On average, fresh green wood will take anywhere from 6-months to 2-years to fully dry and season. But, as you may know after reading all of the above, this may vary depending on where you live on the species of wood you have. 

While there are too many variables to give a more specific time frame, the tips above will let you gauge more accurately when you are good for burning wood

Drying Firewood FAQs

1. Is it OK for firewood to get rained on?

Generally, it is not okay for your wood to get rained on. That’s why you should always cover and stack it properly. Constant exposure to wet conditions will cause your wood to rot, especially if you don’t keep it elevated from the ground. Also, wet wood produces much more smoke and produces less heat.

2. Why is it important to burn only dried wood?

Wood with high moisture content creates much more smoke and harmful byproducts. It also doesn’t burn as efficiently as energy is wasted getting rid of moisture. Burning dry wood only, therefore, should always be your goal. Attempting to burn wood that isn’t fully dry, of course, also makes it hard to get your fire started.

Close up of wet wood burning and creating smoke
Burning wood with a high water content creates more smoke and harmful byproducts

3. Can I speed up the drying process/seasoning firewood process?

To get dry wood faster, you should split it into two pieces immediately. Stack the wood loosely with room for heat and air to circulate around all of the pieces. Sun exposure can also increase the time it takes for wood to dry, but making sure all logs get enough air is key.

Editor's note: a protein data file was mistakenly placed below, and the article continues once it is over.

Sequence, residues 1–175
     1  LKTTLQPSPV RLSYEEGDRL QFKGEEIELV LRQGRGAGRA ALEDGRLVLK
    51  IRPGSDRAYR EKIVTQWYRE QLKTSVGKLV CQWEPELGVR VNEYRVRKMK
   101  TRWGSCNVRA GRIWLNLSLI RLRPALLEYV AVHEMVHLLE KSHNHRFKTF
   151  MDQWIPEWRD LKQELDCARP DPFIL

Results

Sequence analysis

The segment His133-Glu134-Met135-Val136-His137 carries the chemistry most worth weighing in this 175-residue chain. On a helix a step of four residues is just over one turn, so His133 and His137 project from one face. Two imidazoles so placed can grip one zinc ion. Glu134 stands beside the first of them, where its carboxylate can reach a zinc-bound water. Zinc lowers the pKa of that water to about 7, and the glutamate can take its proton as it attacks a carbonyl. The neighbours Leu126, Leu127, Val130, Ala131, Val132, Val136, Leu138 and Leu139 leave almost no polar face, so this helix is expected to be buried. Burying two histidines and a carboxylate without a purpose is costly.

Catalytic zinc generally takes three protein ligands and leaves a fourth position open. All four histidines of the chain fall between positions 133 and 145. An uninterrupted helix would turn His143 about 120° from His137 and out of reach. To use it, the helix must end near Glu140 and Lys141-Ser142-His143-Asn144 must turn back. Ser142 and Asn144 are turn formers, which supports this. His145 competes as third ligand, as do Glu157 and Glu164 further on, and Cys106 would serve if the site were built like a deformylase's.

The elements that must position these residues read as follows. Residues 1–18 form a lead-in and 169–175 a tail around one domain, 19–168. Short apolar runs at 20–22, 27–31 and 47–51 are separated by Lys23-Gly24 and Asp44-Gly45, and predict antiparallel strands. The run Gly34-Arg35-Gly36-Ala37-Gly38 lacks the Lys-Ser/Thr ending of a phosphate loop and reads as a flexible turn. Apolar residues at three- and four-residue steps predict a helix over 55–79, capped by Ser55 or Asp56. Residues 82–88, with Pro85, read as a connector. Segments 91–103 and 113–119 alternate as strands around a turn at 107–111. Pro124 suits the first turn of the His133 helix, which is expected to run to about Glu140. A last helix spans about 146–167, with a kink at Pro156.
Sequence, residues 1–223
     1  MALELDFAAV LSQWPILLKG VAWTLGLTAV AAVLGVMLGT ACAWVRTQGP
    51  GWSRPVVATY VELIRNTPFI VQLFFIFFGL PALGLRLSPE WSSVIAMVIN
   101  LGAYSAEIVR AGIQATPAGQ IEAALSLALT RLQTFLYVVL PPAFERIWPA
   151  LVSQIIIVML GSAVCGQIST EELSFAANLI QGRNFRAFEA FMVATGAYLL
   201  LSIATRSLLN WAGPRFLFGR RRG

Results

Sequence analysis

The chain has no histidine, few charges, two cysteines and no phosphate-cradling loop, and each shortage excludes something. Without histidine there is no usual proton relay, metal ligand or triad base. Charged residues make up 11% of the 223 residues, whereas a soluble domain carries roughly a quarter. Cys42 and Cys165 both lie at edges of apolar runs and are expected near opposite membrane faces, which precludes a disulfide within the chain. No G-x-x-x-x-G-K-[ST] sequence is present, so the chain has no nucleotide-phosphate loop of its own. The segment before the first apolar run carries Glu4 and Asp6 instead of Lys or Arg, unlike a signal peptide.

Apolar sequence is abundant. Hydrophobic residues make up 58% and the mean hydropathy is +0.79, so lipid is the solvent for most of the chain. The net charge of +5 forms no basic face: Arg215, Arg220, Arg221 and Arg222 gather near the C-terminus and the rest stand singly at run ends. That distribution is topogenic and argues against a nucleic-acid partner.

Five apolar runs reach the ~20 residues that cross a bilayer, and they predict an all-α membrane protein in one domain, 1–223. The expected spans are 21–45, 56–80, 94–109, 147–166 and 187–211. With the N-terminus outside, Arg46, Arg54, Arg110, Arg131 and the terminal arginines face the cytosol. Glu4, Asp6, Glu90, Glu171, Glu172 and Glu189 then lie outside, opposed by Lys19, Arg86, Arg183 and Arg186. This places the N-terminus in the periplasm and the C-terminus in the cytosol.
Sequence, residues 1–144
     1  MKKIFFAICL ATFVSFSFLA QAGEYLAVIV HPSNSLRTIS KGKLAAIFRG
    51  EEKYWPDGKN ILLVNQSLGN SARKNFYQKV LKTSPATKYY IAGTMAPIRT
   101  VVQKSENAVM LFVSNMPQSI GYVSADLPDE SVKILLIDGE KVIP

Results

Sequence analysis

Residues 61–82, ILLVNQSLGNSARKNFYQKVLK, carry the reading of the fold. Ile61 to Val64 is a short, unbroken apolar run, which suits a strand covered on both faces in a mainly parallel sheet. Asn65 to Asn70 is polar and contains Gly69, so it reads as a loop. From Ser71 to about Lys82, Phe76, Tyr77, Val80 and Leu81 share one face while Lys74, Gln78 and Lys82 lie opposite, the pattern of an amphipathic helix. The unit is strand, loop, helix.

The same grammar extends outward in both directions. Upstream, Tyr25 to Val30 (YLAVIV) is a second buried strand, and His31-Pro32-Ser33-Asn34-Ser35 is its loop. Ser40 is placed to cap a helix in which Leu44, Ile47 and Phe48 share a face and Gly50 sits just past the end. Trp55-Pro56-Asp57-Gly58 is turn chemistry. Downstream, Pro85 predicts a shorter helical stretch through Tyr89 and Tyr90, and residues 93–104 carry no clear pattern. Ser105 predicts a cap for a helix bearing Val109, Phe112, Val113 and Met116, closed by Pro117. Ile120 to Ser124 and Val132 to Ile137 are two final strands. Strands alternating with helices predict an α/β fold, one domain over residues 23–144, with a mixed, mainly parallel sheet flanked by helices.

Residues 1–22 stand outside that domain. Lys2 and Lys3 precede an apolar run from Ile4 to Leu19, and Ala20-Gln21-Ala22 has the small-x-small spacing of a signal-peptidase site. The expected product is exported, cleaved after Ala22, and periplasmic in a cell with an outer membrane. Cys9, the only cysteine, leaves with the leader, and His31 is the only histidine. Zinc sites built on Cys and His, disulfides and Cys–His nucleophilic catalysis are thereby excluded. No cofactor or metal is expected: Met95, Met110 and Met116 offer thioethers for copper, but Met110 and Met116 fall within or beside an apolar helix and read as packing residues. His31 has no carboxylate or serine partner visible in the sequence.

Final Thoughts

Whether you need to start a fire to heat your home in winter or are just going camping for a few days, a ready-to-roll batch of seasoned wood is always good to have! We hope the above tips will help you know when your batch is ready for burning and speed up the seasoning process! 

If you have any questions about how long firewood takes to dry or season, we’d love to hear from you. Ask away in the comments box below!

Last update on 2024-06-20 / Affiliate links / Images from Amazon Product Advertising API

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Gavin Michael Avatar

I'm an avid backpacker, hiker, skier and climber currently living in Summit County, Colorado. All of my days off are spent skiing in the backcountry or on the resort - and when there's no snow I'm always looking for new peaks to climb and new trails to explore.

I moved to the Rocky Mountains from the East Coast to have the opportunity to do even more in the outdoors. One of my most memorable hikes was completing 3 peaks in 2 days - Crystal Peak, Fletcher Mountain, and Pacific Peak which all sit at above 13,800 feet! I ended up spending the night in a little gully that was well protected by the wind, and had perfect blue skies the next morning.

Whether I'm gearing up for a snowshoe hike or throwing on some climbing shoes for a new route - I'm always excited and passionate to be in the outdoors doing what I love.